In Gravity, a cinematic feat amid the cosmos
TORONTO (AP) - It's the 13-minute shot heard round the world.
Festival audiences in Venice and Telluride have been floored by the lengthy opening shot to Alfonso Cuaron's 3-D space odyssey, Gravity, which plunges moviegoers into space and leaves them reeling in weightlessness. When the film premieres on Sunday at the Toronto International Festival, the lore of Cuaron's balletic beginning is sure to only grow.
"It's the idea of trying to create a moment of truthfulness in which the camera happens to be there just to witness, and respecting that moment in real time," Cuaron said in a recent interview.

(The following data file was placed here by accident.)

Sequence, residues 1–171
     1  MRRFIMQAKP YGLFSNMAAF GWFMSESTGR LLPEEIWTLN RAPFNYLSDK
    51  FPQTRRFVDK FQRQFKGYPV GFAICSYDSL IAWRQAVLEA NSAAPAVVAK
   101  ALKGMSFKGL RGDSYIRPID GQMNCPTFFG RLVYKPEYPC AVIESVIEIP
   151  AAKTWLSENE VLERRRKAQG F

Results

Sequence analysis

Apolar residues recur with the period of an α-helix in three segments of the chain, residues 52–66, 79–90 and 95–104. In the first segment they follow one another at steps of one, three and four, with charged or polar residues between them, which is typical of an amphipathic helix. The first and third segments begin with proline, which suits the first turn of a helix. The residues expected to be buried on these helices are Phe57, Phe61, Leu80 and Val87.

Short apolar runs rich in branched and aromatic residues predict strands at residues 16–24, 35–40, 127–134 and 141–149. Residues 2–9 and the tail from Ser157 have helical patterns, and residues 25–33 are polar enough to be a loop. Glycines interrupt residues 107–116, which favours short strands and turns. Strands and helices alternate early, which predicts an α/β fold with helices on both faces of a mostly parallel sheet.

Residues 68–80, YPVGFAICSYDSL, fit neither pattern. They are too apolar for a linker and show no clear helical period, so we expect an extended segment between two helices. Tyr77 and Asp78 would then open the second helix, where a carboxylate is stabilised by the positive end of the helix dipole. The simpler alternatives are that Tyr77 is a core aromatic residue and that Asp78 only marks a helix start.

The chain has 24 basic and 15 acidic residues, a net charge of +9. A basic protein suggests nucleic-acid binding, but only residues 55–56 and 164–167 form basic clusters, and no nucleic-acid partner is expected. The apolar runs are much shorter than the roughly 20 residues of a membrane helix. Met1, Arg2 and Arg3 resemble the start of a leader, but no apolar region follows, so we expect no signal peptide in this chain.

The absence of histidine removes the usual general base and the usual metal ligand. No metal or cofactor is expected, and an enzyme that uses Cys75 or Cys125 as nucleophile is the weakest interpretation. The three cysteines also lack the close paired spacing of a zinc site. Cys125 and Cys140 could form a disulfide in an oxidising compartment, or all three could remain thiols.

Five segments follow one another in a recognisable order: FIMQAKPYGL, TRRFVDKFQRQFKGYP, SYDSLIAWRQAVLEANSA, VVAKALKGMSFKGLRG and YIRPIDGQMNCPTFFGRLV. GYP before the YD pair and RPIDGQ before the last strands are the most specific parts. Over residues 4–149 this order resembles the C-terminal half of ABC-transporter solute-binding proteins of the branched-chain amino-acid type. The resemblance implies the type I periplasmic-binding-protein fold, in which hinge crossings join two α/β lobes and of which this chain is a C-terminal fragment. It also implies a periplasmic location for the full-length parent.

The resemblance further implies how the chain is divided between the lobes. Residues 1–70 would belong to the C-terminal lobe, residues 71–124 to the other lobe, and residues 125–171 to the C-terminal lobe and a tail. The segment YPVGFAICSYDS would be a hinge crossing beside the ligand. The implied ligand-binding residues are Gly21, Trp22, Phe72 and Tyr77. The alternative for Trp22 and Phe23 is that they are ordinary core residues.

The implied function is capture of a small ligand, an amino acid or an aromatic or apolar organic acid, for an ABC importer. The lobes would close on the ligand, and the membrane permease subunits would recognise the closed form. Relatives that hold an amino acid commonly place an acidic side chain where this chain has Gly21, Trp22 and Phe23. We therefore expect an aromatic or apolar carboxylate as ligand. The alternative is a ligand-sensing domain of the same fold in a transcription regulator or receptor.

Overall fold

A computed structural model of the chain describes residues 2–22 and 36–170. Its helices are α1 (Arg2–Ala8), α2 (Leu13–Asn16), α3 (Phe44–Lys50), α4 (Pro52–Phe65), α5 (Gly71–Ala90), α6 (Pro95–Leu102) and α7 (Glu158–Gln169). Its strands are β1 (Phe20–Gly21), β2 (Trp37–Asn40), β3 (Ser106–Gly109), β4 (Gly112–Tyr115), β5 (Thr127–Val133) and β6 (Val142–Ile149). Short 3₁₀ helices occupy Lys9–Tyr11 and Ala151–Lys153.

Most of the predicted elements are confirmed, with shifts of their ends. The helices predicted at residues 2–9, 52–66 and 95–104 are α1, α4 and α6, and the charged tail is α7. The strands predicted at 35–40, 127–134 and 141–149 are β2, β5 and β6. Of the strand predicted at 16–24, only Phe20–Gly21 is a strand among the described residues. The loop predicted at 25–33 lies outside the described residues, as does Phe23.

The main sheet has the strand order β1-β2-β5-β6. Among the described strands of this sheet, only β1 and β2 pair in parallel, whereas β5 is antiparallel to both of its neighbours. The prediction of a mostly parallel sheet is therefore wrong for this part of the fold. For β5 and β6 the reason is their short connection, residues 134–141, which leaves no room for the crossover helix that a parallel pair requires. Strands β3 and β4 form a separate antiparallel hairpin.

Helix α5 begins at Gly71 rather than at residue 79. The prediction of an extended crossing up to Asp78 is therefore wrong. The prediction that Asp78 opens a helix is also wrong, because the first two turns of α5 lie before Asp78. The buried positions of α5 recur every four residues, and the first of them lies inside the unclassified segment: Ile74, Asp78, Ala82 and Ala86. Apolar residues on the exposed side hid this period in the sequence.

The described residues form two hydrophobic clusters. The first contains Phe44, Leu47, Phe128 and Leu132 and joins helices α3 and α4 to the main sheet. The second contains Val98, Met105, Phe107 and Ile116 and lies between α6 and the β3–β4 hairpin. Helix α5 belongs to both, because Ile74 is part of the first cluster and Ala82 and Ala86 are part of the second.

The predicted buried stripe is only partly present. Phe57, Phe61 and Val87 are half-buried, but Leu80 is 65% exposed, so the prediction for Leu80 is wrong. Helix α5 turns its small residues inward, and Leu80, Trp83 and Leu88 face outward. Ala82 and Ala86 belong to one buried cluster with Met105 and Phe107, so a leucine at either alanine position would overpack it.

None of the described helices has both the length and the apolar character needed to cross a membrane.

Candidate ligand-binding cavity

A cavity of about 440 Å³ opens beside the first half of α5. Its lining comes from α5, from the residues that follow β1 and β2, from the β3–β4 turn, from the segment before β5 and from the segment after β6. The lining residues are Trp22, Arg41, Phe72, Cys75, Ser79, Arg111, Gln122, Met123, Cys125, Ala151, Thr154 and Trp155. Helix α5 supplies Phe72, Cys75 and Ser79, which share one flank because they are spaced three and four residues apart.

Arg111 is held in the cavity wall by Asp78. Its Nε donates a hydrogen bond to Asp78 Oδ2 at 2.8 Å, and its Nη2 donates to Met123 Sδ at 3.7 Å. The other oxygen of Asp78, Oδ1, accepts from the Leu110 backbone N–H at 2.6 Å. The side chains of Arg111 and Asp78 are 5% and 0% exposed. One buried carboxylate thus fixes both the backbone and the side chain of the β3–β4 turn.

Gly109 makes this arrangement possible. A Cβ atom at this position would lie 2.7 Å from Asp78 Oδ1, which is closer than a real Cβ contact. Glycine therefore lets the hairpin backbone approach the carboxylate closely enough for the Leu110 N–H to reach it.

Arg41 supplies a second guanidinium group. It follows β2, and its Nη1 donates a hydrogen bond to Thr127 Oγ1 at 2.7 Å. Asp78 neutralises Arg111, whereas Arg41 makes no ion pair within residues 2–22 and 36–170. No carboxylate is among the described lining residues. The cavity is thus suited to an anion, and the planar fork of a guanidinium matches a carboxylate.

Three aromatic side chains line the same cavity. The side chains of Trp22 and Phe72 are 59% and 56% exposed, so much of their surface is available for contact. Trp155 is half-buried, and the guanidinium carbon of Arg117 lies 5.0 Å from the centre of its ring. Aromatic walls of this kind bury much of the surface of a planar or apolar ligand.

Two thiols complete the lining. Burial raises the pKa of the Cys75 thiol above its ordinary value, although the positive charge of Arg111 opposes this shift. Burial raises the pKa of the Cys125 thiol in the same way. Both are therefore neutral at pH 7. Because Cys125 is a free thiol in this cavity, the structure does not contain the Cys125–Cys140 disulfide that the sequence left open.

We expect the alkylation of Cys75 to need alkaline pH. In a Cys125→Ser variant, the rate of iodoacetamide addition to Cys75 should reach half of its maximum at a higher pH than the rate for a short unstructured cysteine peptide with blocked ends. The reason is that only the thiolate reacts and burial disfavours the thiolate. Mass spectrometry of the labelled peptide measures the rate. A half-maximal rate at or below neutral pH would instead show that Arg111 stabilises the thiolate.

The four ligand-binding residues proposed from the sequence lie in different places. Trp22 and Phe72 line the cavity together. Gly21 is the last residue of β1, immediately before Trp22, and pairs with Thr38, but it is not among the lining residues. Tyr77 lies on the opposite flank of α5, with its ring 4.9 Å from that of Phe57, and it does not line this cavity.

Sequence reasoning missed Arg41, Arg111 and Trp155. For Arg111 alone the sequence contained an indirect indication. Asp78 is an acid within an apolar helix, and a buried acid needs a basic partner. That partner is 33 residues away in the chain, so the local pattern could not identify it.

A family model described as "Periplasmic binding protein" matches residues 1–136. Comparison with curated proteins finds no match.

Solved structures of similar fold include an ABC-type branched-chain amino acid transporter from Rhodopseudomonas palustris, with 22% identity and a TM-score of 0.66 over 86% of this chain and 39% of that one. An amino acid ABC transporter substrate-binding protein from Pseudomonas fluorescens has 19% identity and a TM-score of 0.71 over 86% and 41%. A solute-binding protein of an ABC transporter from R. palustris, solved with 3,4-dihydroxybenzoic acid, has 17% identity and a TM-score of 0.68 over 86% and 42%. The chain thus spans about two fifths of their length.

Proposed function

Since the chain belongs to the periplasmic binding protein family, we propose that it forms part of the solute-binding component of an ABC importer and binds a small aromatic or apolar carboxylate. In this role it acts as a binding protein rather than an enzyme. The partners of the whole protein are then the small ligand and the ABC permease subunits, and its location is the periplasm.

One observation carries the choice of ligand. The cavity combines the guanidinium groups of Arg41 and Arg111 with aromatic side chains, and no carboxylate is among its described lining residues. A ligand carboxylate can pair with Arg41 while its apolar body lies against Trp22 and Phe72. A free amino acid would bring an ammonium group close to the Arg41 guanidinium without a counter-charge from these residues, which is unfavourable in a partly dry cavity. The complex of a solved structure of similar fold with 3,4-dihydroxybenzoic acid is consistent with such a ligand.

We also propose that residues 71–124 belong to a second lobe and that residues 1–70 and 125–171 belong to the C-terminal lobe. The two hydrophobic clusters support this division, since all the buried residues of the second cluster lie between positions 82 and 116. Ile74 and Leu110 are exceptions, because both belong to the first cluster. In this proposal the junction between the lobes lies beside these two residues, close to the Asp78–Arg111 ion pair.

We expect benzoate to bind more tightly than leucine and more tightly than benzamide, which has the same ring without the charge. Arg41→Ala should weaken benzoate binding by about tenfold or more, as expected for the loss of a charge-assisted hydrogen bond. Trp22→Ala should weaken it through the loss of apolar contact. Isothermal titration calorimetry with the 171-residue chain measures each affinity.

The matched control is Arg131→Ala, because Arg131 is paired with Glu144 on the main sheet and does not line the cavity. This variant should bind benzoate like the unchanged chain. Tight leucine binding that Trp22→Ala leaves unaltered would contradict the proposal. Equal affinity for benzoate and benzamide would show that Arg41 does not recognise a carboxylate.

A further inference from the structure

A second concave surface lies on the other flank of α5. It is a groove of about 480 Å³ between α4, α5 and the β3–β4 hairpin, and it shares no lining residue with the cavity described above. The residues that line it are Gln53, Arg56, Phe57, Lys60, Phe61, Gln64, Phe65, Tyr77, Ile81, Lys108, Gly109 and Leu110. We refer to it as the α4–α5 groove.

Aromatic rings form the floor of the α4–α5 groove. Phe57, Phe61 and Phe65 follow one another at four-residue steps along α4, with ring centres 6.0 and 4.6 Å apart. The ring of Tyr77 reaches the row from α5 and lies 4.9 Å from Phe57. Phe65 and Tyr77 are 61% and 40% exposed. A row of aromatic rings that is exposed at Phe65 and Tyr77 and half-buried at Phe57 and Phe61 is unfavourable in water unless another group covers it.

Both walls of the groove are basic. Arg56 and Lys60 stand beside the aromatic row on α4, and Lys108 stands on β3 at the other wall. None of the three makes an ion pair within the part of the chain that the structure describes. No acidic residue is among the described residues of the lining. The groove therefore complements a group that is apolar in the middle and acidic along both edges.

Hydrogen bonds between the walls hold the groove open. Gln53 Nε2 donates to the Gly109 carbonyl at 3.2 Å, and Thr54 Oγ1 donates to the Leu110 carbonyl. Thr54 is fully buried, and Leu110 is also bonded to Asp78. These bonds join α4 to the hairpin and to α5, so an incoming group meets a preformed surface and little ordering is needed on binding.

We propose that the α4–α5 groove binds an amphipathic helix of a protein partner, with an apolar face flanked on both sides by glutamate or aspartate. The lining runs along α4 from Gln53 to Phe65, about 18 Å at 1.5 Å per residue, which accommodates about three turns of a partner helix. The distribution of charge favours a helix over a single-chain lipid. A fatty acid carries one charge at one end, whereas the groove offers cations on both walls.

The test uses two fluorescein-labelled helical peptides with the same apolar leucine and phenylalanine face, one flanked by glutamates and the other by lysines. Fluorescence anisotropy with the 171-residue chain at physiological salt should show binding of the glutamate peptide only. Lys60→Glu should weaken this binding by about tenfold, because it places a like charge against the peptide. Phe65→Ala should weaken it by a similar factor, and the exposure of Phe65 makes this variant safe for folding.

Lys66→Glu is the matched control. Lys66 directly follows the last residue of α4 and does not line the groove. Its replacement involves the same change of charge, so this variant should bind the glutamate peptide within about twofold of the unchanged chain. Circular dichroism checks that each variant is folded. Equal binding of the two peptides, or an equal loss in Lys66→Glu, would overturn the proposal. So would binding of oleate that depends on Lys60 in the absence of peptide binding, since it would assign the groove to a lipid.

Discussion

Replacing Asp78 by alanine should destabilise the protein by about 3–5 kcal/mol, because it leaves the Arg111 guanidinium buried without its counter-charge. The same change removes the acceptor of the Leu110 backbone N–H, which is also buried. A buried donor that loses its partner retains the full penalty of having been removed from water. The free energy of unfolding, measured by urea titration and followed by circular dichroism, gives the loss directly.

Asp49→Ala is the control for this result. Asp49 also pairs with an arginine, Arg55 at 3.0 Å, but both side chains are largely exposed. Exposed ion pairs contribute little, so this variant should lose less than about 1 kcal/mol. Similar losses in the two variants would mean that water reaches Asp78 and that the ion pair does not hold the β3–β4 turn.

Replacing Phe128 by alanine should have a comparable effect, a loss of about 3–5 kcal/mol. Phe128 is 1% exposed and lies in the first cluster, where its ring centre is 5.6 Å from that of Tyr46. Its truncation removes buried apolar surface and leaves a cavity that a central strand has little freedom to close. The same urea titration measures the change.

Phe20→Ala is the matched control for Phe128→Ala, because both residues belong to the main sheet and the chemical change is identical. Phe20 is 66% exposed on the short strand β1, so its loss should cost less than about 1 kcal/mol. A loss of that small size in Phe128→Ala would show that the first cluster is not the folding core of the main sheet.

The Mexican director and his longtime cinematographer, Emmanuel Lubezki, beginning with Y Tu Mama Tambien and up to their last film, the gritty science-fiction thriller Children Of Men, have been renown for their propensity for long, unbroken, beautifully choreographed sequences. A four-minute uncut scene in Children Of Men captured a playful conversation scene in a car suddenly ambushed in a forest by dozens wielding clubs and guns, and then carried on through the escape and beyond. For it, Cuaron built a track inside the car for the camera to move forward and backward.